However, to introduce such a measure without getting it right would discredit value-added data before it got off the ground.
When we were elected, very little had been done to prepare for value- added data, despite claims to the contrary by the previous government. We are now collecting the pupil-level data that will allow us to develop fair comparisons between performance at seven and 11, and between performance at 11, 14 and later 16.
Without collecting such data, we would not reflect the huge level of pupil mobility that occurs in our schools, particularly in urban areas, and which can skew any results.
Value-added data would allow us to see the extent to which a school developed its individual pupils' potential and would be an important additional piece of information in the tables.
I expect such information for secondary schools to be piloted in 2001 and to be available generally in 2002; and to be available for primary schools a year later.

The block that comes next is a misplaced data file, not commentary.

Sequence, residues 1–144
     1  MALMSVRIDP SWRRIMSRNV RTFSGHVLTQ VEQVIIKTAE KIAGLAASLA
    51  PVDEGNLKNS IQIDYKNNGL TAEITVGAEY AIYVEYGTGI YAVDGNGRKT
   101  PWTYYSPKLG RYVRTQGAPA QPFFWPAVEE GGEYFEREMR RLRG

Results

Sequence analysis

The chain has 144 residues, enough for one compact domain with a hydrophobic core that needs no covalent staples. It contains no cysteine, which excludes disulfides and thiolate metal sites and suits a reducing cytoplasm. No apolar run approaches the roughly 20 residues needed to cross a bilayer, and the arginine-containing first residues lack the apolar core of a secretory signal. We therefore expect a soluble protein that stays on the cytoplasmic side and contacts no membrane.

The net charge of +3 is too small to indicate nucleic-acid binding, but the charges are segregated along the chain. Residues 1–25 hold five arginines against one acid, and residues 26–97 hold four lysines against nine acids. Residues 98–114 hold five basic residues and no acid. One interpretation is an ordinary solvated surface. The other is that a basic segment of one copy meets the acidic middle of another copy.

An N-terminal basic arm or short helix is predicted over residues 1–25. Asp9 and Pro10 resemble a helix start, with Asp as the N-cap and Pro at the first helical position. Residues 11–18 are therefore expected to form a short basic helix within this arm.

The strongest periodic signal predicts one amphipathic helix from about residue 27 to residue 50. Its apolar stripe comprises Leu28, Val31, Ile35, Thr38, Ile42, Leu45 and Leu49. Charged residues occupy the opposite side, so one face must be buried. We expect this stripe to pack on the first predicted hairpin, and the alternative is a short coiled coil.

However, the Government has made considerable progress despite your claim that the tables are "woefully inadequate".
We introduced the measure on pupils leaving with no passes - and set a target to reduce that number. In two years the number of pupils leaving with no passes has fallen from 45,000 to 35,000 - although there is clearly more to do. We also decided to show how well schools were improving and to publish a GCSE point score to reflect overall achievement.
These are not unimportant improvements - and they will be complemented when we have a robust and fair system of value-added data.Reuse content